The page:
In a recent interview with AfricaLive.net Dr Nicos Nicolaou, the founder and CEO of Unicaf, a leading higher education online platform with students in 158 countries, set out his vision for a more robust education sector supported by digital infrastructure.
“In August last year, the UN Secretary-General stated that the education sector must invest in digital literacy and infrastructure and look to evolve towards learning how to learn, rejuvenate lifelong learning, and strengthen links between formal and non-formal education,” said Dr Nicolaou.
“He suggested the need to draw on flexible delivery methods, digital technologies and modernised curricula while ensuring sustained support for teachers and communities.”
Optimising Higher Education
A sustained increase in demand for access to education across Africa is unavoidable as populations grow, and given the role of education in modernisation and development, it is critical that governments increase higher education opportunities.
“Central to the discussion on sustainable development is the imperative of equality in higher education opportunities. Universities should offer holistic and transformational education with high-level quality content. Learning should be stimulating, engaging and learner-centric, leading to successful outcomes for the learners. Universities should inspire learners to be global citizens, assume active roles in the society they live in, and contribute to a more peaceful and sustainable world,” says Dr Nicolaou.
“Taking into consideration that tens of millions of additional students will become of university age in the next decade and the fact that there are no plans to build hundreds of new universities in the continent, the only solution is online learning,” he adds.
“The skilful use of modern technologies can enhance teaching and learning effectiveness and, thus, may substantially contribute towards the goals and objectives associated with sustainable, inclusive growth and development.”
“Distance education can eliminate current barriers to higher education in Africa, imposed by space and time, and can dramatically expand access to lifelong learning. Using flexible delivery models, students will no longer have to visit a physical location at specific times and days. A modern higher education institution, such as Unicaf University, no longer has to be at any specific physical location but, through the use of technology, can exist anywhere, anytime for students who wish to access study materials and complete a particular academic programme fully online.”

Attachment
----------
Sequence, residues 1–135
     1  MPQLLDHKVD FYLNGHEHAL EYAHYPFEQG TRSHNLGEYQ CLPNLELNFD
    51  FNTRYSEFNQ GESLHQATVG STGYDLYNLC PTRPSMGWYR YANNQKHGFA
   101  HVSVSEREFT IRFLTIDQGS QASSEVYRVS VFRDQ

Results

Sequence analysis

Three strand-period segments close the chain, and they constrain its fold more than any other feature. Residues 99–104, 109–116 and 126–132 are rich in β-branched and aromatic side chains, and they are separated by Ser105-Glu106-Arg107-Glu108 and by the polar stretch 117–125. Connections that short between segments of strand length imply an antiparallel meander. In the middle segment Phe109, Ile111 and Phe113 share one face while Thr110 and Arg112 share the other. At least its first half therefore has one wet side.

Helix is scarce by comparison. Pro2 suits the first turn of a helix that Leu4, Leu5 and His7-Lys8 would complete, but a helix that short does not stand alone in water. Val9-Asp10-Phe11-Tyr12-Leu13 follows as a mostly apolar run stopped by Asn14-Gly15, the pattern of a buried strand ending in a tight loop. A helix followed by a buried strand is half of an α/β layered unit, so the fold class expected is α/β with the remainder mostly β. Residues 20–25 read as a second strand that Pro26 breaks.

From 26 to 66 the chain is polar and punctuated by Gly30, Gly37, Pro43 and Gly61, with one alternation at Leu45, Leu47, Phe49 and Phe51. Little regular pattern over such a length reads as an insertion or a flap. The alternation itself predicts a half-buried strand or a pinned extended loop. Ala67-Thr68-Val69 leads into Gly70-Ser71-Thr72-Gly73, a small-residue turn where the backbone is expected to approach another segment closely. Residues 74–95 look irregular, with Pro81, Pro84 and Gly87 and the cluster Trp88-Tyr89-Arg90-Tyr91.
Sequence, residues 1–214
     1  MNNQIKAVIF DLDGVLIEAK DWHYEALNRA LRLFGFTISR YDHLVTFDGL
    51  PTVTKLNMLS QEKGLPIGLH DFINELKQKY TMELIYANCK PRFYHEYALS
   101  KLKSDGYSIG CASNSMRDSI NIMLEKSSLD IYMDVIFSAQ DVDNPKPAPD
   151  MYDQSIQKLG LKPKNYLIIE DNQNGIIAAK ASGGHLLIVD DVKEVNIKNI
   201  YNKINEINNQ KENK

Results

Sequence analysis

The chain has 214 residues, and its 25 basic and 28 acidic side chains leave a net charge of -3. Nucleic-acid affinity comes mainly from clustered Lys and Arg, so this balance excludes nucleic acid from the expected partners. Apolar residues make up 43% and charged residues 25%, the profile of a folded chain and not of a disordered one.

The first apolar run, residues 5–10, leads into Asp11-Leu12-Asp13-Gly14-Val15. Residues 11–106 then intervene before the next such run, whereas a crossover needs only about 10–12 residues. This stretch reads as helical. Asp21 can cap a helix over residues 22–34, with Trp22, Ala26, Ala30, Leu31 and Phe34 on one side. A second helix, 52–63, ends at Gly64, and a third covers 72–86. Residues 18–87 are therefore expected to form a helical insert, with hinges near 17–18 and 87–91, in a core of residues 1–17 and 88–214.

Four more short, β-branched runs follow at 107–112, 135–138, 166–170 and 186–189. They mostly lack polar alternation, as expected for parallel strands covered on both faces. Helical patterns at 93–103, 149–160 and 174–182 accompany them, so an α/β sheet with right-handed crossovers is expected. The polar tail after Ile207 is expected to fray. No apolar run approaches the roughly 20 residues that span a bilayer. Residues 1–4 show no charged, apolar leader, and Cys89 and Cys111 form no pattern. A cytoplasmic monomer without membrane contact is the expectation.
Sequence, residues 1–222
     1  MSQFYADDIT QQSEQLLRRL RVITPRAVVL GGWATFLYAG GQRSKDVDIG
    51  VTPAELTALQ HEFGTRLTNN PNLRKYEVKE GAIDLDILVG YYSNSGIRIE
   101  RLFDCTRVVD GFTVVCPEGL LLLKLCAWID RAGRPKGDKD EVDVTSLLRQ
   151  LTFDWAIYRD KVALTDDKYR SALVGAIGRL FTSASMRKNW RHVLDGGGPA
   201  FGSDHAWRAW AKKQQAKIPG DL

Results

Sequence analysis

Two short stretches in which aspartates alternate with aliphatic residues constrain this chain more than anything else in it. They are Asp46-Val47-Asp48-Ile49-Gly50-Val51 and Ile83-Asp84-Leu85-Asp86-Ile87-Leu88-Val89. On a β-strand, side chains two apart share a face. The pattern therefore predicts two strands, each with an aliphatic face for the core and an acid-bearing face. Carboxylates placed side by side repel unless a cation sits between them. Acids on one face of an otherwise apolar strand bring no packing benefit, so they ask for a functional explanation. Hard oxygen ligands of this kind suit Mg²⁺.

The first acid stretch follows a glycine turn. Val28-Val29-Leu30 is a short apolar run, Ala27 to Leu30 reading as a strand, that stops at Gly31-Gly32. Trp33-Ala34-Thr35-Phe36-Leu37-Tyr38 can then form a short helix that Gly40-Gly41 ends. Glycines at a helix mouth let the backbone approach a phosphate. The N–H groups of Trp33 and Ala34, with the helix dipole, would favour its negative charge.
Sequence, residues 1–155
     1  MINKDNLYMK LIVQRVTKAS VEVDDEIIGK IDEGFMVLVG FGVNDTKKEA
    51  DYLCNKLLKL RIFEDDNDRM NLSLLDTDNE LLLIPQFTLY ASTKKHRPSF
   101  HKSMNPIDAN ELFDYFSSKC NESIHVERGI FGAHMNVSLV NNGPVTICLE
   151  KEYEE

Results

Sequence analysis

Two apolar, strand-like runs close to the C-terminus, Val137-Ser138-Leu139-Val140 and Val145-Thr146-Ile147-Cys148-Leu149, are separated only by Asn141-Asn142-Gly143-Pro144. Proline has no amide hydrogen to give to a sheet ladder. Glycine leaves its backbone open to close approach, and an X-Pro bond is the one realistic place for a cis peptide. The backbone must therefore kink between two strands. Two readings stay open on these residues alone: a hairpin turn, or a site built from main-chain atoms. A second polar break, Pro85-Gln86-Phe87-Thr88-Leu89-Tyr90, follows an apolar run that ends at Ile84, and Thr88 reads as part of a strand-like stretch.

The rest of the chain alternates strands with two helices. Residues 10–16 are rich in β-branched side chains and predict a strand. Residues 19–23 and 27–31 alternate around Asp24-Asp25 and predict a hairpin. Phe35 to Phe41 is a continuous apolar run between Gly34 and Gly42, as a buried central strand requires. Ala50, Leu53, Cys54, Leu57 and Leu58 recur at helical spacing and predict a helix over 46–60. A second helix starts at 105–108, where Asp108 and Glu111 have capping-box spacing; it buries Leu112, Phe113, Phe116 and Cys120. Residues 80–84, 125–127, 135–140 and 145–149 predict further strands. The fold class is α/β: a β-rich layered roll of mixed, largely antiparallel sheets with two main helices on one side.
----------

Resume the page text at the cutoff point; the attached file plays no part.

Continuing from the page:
COVID-19 Has Changed Education Forever
There has been a high growth and adoption in education technology around the world in recent years, with edtech investments of up to USD 18.66 billion in 2019, and projections for the online education market expected to reach USD 350 billion by 2025. COVID-19 has accelerated the transition to the wider use of technology in delivering education.
“Because of COVID-19 online learning expanded dramatically. Almost all universities had to shift to remote learning to serve their students. In a very short time, everyone had to shift from face-to-face teaching to online, using a variety of technologies. The pandemic provided the catalyst needed for universities to move online and to use digital platforms for teaching and learning,” says Dr Nicolaou.
“What was considered to be the future has been accelerated to become the present; and my expectation is that this shift is here to stay, in one form or another. Various technologies, which are employed for online teaching, will reshape learning, both inside the classroom and beyond, well after the present pandemic subsides. In the same token, regulators have realised how crucial online education is and started encouraging universities to offer online programmes,” he adds.
The Future of Online Education in Africa
Africa accounts for about 20 per cent of the world’s youth population (aged 15-24), which is also the fastest growing in the world; however, there is a dearth of quality and affordable higher education. School enrolment rates at the tertiary level stand at 8 per cent, according to the UNESCO Institute of Statistics (https://bit.ly/3eGhkYq), significantly below the global average of 32 per cent. Online education has the potential to increase access to higher education, making it cheaper, more flexible and more accessible to a wider range of students, and that is what Unicaf does.